Economy could grow 7 per cent despite drought: India Inc
India Inc today hoped the economy would grow close to 6-7 per cent this fiscal despite drought in many parts of the country. "The economic growth may take a marginal hit of 0.5-1 per cent due to drought in large parts of central and northern India, which has come after seven years of good rains," says CII president Venu Srinivasan.business Updated: Aug 21, 2009 22:58 IST
India Inc on Friday hoped the economy would grow close to 6-7 per cent this fiscal despite drought in many parts of the country.
"The economic growth may take a marginal hit of 0.5-1 per cent due to drought in large parts of central and northern India, which has come after seven years of good rains," Confederation of Indian Industry (CII) president Venu Srinivasan told reporters in Bangalore.
Admitting that rural demand would take a hit, he said the economy would, however, continue to grow as most sectors, including manufacturing, would do better.
"We still expect close to 6-7 per cent GDP (gross domestic product) growth. If rural growth had sustained us last year, urban growth will come back this year to enable the economy grow," Srinivasan said on the margins of a CII event.
He further said the industry and the government would have to look after millions of people who would not have drinking water and face crop failure this year.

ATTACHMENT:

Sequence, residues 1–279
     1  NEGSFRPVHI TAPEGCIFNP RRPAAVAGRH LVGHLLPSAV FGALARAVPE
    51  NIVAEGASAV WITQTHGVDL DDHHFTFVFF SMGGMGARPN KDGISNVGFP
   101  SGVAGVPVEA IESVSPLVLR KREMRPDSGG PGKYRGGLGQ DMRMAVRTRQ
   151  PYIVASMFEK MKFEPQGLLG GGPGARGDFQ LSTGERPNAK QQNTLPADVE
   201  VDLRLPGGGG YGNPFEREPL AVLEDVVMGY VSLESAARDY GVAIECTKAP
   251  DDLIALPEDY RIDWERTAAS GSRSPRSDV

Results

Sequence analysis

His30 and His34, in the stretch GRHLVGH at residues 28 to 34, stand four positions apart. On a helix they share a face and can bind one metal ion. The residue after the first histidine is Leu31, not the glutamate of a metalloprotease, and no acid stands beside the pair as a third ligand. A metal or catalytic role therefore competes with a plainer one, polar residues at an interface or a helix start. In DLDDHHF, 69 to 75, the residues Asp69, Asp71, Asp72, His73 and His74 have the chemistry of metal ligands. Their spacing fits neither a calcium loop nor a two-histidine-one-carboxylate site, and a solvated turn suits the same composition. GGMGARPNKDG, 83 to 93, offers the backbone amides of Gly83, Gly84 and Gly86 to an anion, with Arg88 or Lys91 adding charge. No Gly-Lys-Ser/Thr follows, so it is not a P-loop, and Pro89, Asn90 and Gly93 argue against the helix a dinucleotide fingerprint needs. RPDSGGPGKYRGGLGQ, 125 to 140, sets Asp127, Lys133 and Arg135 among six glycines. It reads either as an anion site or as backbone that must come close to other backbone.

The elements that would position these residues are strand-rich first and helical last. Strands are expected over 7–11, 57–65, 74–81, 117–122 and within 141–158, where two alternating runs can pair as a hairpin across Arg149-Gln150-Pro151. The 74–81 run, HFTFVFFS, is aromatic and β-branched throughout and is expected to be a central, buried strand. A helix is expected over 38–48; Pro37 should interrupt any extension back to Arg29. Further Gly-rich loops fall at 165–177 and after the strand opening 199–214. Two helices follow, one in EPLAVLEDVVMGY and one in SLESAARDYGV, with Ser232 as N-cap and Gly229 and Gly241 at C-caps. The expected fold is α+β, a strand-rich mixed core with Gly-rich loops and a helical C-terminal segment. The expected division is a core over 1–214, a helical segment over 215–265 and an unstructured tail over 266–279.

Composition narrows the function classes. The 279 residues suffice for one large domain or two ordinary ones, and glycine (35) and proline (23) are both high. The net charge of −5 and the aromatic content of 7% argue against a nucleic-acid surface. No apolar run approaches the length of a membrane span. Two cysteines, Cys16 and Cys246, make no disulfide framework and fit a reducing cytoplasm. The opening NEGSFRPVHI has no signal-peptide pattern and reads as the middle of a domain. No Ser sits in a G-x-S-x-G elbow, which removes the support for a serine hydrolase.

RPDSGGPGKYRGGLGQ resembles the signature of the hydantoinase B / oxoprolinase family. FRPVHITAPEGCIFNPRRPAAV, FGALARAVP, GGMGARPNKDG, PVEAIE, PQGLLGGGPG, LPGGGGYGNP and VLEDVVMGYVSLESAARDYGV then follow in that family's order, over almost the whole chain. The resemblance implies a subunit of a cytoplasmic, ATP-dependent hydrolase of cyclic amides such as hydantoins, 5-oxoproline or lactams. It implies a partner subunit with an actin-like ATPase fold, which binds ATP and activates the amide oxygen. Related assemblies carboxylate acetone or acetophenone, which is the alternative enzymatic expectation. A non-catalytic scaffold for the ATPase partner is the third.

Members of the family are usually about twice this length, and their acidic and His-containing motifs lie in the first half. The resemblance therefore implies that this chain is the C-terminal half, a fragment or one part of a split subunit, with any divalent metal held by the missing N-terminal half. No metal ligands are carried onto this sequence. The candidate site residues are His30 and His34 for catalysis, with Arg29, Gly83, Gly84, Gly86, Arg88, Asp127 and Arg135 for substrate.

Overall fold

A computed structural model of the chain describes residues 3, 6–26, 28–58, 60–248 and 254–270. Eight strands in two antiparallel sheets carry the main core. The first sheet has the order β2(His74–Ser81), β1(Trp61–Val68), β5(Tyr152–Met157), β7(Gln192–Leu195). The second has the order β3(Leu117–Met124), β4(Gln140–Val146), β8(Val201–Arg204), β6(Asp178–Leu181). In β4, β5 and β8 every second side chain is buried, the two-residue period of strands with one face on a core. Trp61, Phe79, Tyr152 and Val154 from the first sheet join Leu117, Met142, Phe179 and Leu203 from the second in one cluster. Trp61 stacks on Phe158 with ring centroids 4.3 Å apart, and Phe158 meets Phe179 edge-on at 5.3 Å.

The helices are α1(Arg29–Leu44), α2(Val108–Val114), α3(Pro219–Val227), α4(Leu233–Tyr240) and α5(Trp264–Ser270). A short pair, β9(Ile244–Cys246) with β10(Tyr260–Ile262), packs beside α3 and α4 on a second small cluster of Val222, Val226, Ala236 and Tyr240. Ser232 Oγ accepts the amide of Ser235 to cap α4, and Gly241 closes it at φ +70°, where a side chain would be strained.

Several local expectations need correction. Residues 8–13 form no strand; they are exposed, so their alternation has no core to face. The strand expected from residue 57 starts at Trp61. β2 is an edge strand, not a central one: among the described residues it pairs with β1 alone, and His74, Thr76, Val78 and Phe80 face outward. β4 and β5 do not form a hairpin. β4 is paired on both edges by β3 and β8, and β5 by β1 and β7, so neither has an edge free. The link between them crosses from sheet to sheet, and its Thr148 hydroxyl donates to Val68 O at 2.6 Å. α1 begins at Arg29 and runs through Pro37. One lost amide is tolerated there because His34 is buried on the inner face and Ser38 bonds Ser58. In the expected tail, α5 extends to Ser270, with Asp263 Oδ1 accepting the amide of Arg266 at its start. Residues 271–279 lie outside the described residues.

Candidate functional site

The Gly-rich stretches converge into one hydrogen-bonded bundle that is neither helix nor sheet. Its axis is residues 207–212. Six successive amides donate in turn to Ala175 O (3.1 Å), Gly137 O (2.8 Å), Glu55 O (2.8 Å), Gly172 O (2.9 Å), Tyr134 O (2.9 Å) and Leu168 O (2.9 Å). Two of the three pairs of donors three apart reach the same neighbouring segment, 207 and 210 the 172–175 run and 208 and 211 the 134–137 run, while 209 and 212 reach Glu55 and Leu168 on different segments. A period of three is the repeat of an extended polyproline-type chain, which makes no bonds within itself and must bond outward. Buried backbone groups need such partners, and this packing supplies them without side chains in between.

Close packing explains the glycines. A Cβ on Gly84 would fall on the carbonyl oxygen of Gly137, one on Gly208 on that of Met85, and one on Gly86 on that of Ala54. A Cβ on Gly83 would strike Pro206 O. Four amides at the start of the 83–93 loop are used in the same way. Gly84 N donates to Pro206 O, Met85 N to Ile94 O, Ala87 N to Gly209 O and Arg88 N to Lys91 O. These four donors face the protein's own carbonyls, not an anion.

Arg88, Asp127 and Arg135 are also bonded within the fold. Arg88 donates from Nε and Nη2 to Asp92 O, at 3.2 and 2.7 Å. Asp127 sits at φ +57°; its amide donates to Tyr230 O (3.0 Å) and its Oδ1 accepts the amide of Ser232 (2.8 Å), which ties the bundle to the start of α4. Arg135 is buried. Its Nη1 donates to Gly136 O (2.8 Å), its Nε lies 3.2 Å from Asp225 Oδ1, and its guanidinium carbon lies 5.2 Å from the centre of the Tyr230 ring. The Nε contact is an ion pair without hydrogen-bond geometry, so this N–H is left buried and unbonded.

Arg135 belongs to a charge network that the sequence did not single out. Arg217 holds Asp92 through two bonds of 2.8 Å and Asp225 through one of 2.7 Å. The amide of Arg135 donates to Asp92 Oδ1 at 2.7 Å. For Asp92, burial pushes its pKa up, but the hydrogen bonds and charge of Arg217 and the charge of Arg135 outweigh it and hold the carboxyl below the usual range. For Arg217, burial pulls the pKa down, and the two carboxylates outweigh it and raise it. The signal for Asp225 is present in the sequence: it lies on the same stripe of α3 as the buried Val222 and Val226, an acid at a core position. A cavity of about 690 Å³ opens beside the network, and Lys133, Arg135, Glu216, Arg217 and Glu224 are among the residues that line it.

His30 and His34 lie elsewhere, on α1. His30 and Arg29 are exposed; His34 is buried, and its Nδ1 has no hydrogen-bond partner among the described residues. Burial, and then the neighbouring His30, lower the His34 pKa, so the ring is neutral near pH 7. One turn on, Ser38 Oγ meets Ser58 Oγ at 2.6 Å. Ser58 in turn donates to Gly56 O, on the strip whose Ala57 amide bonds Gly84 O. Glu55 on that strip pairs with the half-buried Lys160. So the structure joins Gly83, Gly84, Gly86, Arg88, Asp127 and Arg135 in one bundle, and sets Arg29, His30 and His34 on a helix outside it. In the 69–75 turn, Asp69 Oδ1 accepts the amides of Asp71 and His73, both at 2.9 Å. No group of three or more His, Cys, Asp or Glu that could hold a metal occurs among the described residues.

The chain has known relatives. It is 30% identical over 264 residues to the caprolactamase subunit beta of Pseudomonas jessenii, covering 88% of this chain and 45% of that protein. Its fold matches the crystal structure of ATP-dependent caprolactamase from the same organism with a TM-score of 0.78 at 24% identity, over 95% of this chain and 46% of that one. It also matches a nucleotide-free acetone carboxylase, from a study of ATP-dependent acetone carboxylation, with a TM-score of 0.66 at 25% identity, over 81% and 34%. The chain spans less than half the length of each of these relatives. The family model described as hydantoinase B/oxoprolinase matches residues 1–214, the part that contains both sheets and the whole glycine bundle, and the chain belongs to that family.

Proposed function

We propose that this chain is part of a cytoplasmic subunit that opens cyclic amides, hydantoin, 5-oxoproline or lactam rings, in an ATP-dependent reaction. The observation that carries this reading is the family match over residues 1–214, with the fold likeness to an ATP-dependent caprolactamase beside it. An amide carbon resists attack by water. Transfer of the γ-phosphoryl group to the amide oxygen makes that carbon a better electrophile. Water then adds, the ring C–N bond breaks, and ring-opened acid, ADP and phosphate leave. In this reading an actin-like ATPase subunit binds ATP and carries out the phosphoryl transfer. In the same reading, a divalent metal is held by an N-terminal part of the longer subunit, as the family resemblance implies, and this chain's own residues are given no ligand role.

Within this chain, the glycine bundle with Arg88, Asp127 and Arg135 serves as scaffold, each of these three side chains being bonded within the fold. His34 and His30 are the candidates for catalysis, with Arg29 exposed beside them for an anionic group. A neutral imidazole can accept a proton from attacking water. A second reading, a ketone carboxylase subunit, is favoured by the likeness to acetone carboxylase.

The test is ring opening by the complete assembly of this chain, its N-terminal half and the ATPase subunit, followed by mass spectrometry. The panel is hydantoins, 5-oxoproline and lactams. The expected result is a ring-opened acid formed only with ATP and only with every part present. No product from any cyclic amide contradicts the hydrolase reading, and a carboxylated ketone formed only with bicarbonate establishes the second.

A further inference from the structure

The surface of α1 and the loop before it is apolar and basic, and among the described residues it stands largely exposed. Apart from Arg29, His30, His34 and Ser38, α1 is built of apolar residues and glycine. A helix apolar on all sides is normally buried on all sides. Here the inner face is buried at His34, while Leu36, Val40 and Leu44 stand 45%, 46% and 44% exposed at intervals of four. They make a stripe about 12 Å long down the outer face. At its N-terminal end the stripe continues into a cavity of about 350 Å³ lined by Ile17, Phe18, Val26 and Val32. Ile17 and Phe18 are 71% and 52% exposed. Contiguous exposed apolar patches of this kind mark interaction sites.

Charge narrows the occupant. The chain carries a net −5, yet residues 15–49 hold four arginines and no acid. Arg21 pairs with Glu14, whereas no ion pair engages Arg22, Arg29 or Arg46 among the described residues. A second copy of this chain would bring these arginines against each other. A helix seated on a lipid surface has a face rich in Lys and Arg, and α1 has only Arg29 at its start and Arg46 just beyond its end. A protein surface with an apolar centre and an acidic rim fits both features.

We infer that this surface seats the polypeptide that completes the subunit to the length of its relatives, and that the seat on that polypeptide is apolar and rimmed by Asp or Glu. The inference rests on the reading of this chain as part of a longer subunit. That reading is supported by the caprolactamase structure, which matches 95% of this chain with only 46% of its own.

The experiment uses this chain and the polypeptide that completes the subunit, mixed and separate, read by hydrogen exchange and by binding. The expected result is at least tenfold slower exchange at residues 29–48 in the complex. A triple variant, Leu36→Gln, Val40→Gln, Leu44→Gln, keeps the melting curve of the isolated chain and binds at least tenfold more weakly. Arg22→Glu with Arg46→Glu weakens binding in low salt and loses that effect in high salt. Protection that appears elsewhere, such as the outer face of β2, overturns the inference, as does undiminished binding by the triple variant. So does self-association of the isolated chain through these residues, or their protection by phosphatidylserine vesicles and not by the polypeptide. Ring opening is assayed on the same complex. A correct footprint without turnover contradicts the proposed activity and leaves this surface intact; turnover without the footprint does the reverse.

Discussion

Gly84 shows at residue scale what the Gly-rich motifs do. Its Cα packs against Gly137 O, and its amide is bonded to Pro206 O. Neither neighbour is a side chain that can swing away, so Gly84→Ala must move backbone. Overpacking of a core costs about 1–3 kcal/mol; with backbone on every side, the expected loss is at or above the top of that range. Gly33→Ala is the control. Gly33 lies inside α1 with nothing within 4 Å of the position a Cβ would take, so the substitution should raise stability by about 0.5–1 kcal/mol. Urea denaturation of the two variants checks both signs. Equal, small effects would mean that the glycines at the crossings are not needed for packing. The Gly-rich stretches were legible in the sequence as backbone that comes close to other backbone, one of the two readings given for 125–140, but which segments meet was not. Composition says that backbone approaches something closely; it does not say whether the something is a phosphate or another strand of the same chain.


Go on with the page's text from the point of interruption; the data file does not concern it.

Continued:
"I think the first role that both the industry and the government will have to play is to look after the plight of millions of these people," he said.
Reiterating that India would be the second fastest growing economy this year as well, the confederation head said there was a good momentum in demand picking up, as evident from early or green shoots as of March and April.
The world has reached the bottom of commodity prices in April. There will be some inflationary pressures in the near future and because of the deficient monsoon, India would face some pressure on commodity prices.
"I think the government has been seized of the various issues that they have talked about. I see good progress in next few years in the Indian economy and in taking reforms further," Srinivasan noted.
With respect to movement of goods and services within the country, Srinivasan lamented that there was no "FTA" (free trade agreement) within India as there were still check posts between states.
"With GST (good and services trade) coming (from April 2010), a major barrier will be lifted on internal trade. I think that is the biggest reform the government is doing."